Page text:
A police detective lands a case that could ruin his career.
DS Joe Swallow is a member of the elite G Division of the Dublin Metropolitan Police. In June 1887, the country awaits the arrival of British royalty to celebrate Queen Victoria’s Golden Jubilee at a time when many are fighting for independence. Swallow has gone far for a Catholic. He lost his chance to become a doctor when he drank his way through a few years of college, but he’s a dedicated detective investigating what’s called ordinary crime, that with no political connections. Called to a murder scene in a quiet park, Swallow and his men find two bodies, one a young boy, shot to death, their faces badly disfigured. The next day, Swallow’s friend Dr. Lafeyre, the medical examiner (who's engaged to the sister of Swallow’s landlady and lover, pub owner Maria Walsh), discovers that the second body is not a man but a woman wearing men’s clothes. Swallow takes a lot of heat from the newspapers over the mistake. With few clues and no identification, he knows it won’t be easy to find the killer. To make matters worse, the country is baking in the midst of an unusual heat wave, and the death of formidable criminal Ces Downes has caused tension between two warring factions of her criminal enterprise. While Swallow is still mired in his first case, he gets another: A woman found in a canal, a servant in the house of the influential Alderman Thomas Fitzpatrick, has been bludgeoned to death. This case is quickly taken away from him because of its political import. But when he finds a link between the two cases, he puts his whole career in jeopardy to pursue them.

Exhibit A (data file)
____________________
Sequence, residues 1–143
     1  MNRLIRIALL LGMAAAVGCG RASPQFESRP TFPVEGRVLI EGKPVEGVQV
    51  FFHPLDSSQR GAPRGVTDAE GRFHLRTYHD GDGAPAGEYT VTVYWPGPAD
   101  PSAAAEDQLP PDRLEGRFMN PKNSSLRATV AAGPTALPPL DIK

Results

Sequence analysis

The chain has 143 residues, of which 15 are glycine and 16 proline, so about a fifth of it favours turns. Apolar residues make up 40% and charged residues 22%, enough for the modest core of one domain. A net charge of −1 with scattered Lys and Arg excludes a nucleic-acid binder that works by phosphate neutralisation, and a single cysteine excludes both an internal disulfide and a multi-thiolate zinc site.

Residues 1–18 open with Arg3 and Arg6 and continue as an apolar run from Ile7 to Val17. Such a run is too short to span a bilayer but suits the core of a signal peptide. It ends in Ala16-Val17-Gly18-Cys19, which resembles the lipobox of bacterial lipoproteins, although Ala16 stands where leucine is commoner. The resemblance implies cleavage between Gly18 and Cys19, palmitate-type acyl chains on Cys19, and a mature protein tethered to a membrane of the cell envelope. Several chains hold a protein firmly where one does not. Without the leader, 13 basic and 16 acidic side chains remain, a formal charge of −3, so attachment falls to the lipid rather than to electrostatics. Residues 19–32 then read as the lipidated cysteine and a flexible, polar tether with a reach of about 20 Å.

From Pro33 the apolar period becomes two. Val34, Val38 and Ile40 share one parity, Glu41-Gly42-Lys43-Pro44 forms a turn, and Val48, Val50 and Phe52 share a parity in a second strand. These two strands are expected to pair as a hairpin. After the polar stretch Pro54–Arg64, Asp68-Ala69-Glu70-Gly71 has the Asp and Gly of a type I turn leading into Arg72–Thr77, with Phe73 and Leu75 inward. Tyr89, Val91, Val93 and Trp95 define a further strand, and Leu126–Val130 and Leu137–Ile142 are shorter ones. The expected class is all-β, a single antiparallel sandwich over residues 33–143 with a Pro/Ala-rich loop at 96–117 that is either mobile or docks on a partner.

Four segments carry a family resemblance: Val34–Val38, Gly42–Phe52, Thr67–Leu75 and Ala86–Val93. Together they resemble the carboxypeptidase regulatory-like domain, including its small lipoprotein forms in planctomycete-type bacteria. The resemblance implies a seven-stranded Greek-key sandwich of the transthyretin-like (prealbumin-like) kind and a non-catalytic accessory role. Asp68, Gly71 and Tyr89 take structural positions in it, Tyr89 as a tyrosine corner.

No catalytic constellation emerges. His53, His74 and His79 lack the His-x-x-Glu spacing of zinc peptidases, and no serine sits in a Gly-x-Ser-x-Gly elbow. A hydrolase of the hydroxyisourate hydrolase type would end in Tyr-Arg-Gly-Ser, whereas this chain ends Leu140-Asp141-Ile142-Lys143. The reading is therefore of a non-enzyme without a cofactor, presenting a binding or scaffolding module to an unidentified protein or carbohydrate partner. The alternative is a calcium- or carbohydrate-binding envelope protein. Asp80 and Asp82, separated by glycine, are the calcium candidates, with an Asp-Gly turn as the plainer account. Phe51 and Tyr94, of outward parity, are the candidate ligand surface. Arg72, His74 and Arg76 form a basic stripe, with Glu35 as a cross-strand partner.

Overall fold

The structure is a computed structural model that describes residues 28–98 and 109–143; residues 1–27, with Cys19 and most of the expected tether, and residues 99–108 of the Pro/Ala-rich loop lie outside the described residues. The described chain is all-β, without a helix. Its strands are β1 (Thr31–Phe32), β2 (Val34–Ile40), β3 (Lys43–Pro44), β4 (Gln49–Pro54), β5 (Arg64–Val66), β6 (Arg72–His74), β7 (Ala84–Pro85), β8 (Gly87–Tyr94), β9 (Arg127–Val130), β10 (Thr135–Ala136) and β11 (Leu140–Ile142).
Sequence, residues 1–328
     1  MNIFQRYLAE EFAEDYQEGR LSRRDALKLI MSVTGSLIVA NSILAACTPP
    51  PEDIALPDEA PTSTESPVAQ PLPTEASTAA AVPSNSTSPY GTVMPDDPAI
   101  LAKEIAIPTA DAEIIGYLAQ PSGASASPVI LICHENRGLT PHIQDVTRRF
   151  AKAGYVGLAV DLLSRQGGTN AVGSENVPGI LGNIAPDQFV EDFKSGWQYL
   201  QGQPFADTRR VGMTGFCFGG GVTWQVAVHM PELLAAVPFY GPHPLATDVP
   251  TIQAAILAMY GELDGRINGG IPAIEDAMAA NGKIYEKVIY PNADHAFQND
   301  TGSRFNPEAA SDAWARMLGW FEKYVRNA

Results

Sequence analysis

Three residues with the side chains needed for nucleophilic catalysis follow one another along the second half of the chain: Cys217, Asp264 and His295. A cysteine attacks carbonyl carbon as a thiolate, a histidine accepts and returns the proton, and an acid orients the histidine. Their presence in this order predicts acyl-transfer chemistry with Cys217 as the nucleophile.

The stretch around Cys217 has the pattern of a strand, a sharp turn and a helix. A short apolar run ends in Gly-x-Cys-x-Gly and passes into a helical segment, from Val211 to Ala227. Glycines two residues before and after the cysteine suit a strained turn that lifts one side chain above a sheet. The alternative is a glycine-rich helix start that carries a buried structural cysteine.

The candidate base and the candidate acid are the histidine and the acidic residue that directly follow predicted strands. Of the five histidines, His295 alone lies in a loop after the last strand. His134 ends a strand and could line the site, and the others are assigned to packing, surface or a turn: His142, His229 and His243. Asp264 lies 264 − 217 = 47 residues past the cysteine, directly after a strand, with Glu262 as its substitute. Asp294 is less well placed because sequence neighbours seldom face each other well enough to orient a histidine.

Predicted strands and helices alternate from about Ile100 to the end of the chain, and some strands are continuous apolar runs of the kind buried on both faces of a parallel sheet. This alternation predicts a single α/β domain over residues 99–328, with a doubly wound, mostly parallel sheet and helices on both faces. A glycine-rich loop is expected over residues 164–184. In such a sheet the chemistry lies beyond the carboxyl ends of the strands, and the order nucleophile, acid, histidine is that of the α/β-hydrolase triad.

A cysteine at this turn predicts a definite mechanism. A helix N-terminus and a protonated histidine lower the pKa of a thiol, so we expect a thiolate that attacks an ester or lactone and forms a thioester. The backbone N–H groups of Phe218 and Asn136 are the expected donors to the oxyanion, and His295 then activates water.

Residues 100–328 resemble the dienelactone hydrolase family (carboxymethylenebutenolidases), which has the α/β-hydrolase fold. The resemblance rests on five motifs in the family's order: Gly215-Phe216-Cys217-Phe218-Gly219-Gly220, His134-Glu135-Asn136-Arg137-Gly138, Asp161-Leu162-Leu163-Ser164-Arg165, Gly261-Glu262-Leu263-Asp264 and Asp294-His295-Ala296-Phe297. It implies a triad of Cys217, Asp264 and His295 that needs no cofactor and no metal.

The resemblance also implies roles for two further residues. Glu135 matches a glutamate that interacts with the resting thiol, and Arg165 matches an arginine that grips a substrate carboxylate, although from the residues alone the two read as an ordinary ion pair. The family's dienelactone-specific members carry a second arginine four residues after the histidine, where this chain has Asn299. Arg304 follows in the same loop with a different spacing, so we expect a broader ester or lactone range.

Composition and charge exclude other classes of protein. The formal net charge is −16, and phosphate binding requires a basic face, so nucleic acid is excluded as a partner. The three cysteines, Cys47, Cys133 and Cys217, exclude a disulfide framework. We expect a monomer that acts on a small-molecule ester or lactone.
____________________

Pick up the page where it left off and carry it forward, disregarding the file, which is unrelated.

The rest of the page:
Brady’s powerful first mystery novel is evocative of the period. The many aspects of life in 19th-century Dublin are cleverly woven through a baffling mystery.